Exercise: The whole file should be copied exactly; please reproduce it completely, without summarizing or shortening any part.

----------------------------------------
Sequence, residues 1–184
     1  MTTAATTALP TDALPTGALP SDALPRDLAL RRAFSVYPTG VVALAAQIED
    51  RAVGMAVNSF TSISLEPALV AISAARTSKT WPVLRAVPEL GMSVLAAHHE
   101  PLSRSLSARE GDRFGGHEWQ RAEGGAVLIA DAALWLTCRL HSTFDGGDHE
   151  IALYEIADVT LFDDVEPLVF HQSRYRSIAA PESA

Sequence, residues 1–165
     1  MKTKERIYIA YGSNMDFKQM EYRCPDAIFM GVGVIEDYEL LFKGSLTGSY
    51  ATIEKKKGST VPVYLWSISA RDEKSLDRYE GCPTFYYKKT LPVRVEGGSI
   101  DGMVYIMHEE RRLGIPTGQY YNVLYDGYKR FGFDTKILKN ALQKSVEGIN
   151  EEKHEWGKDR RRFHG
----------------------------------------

Sequence, residues 1–184
     1  MTTAATTALP TDALPTGALP SDALPRDLAL RRAFSVYPTG VVALAAQIED
    51  RAVGMAVNSF TSISLEPALV AISAARTSKT WPVLRAVPEL GMSVLAAHHE
   101  PLSRSLSARE GDRFGGHEWQ RAEGGAVLIA DAALWLTCRL HSTFDGGDHE
   151  IALYEIADVT LFDDVEPLVF HQSRYRSIAA PESA

Sequence, residues 1–165
     1  MKTKERIYIA YGSNMDFKQM EYRCPDAIFM GVGVIEDYEL LFKGSLTGSY
    51  ATIEKKKGST VPVYLWSISA RDEKSLDRYE GCPTFYYKKT LPVRVEGGSI
   101  DGMVYIMHEE RRLGIPTGQY YNVLYDGYKR FGFDTKILKN ALQKSVEGIN
   151  EEKHEWGKDR RRFHG